The soul has greater need of the ideal than the real for it is by the real that we exist, it is by the ideal that we live

Monday, August 23, 2010

Cause for concern

Should we be concerned that THIS is part of an article in Men's Health this month?

Not that Men's Health is much of a magazine, but just the idea that they thought to publish this...yikes.

Lesson number one: Anger fantasies should involve mostly strangers or people you're no longer close to or you barely know. It's fine to have an anger fantasy about the cop who gave you a ticket or some dictator in a foreign land or some religious freak who killed a doctor and so on, but if your anger fantasies persistently focus on someone you know, say your wife or girlfriend, your boss, or a colleague, then you're perhaps taking the first steps to going postal and should seek professional help.
Lesson number two: Anger fantasies should feature specific strangers. If you're consistently angry at entire groups — say, Jews or Arabs or blacks or women or cops — then you have a problem.
Lesson number three: At the end of an anger fantasy, you should feel better, not worse. The point is to release tension and deal with a perceived injustice over which you have no actual control. In an anger fantasy, you are your own Captain America. You punish a bad guy in your head because he's not being punished in reality, and better a fictitious punishment than no punishment at all. So feel good about that.
Lesson number four: An anger fantasy should be strictly contained within your head. You don't want the anger churning inside your head to spill over onto the waitress who happens to interrupt you, or onto your mother who happens to call. An anger fantasy has no bearing on reality. You are doing in your head what you don't want to be doing in reality — and that's the point. So know what it is and keep it inside.

Other than that, go for it. Shout at, spit at, break with a bat, gouge out with a fork, hack at with a machete, dismember, set fire to, bury alive to your heart's content. I've been doing it for years. Yet you'd meet me and think, What a nice guy. So friendly and genuine. And I am a nice guy. I don't like guns, I've never swung a fist at anyone, I like Gandhi and Mandela as much as anyone, I'm a vegetarian, I'm a liberal. Hell, I'm even Canadian.
Just don't rub me the wrong way. If you do, you'll meet me again in my fantasy — and you'll be sorry about that, motherf--ker.
By Yann Martel 

Are we all so angry that we fantasize about beating the shit out of each other?  Have we become such a nation of assholes that we can't want to be nice to each other?  Or have we gone out of our way to be violent, and filled with anger over the slightest provocation? 

Am I saying that my guilt is sterling over the anger fantasy issue..alas, no. I've done it, and in fact do it every day.  I agree that it's healthy and allows me to shake off that chance encounter with some ass whose character could only be improved by a beating. 

So, though I do think it's a concern that we run into so much naked aggression on a regular basis that we need to resort to fantasies of violence to rid ourselves of toxic encounters, I think it's a good thing that we're inventive enough to come up with such a safe and effective relief valve for our aggression.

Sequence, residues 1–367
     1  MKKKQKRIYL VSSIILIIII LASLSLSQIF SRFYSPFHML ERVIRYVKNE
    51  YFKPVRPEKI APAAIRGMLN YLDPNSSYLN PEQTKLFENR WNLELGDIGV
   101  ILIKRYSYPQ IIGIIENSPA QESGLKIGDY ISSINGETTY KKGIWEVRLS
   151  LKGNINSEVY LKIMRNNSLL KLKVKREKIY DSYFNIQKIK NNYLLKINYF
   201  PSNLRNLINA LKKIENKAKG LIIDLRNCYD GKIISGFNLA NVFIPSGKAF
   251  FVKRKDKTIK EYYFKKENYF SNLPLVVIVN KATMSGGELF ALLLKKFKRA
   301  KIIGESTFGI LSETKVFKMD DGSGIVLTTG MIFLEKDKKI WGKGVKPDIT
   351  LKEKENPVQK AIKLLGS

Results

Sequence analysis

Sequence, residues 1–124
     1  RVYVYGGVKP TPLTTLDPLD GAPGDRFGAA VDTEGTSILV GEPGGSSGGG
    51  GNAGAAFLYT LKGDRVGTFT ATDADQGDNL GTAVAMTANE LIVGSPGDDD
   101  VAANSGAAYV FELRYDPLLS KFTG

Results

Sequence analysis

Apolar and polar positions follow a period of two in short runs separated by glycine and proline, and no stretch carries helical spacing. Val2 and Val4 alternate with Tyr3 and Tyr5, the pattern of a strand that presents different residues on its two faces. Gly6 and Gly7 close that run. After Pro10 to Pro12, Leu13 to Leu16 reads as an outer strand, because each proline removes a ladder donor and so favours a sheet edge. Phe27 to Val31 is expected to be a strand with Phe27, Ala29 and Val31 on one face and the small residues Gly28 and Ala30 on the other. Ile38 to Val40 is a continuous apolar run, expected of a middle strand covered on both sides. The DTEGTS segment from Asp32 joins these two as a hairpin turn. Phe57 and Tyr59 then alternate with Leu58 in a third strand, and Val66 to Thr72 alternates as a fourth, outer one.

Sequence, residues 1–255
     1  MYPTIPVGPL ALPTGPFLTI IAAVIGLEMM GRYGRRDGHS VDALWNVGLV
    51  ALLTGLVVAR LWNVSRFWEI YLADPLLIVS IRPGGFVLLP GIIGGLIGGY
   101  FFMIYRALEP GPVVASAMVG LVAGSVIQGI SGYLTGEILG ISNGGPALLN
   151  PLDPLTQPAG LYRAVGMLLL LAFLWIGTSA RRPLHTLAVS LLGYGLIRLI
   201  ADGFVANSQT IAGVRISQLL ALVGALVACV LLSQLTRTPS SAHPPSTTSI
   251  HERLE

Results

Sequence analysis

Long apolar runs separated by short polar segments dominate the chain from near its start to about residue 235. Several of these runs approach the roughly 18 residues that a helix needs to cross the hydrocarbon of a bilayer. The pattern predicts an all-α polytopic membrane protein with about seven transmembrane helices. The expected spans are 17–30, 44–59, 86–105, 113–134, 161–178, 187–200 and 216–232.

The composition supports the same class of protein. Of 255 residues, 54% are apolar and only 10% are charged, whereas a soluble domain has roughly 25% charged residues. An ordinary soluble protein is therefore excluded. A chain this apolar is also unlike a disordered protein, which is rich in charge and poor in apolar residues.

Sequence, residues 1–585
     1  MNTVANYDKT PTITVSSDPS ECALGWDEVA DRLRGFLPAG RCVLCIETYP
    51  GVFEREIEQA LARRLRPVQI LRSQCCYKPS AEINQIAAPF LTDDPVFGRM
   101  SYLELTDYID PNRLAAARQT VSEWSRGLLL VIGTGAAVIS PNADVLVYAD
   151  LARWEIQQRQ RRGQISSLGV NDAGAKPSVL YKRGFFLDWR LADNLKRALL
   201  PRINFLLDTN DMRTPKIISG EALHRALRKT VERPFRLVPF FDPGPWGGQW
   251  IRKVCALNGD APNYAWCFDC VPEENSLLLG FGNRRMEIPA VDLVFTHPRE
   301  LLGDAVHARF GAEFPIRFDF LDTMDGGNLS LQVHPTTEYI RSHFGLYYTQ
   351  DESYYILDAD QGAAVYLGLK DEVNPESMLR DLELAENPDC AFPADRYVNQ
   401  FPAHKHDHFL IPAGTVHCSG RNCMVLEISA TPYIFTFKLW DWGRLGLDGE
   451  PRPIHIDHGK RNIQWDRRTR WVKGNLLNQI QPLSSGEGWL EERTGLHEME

Something that should concern us far more are the headlines of the "fluff pieces" that in my experience tell the story of what's really becoming of the culture.

Headlines such as:
Home ownership fading as a means to build wealth-

Cozy homes by the sea just snapped up-

Rare-car show draws fans with fat wallets-

These are indicators that wealth is moving farther away from the masses and as a result will widen the gap between the haves and have nots.

THAT should be a subject for concern.  

Almost 30 years ago a friend sat me down, (I was 22, he was approximately my age today) and advised me to "be careful out there" in regard to sexual appetites.  I recall his exact words to this day, "I've been reading strange things in the back of  Time magazine about this GRID that seems to be getting worse, so don't get yourself in a situation you feel uncomfortable with. This is bad I think."

How right was he?

Things they change all the time, it's regrettable but necessary.  The world people grow up in today is very different from the one I grew up in many years ago.  

We're all looking for that comfort zone in which we can feel safe and secure, and  barring that we look to reate a world in which we can take care of ourselves.  Such is not always the case.  

Personally I think I may have found the answer. It depends, in part on something coming to pass that's been mentioned to me as a possibility recently, but it could happen independently.  It mostly depends on my willingness to let go, to stop being such a control freak and wait for just the right moment to act. To maybe just say "Hey, THIS is what I want at this point in my life and I'm gonna go get it."  Sounds just like me doesn't it? lol

Letting go of that is cause for concern.

 And so it goes:




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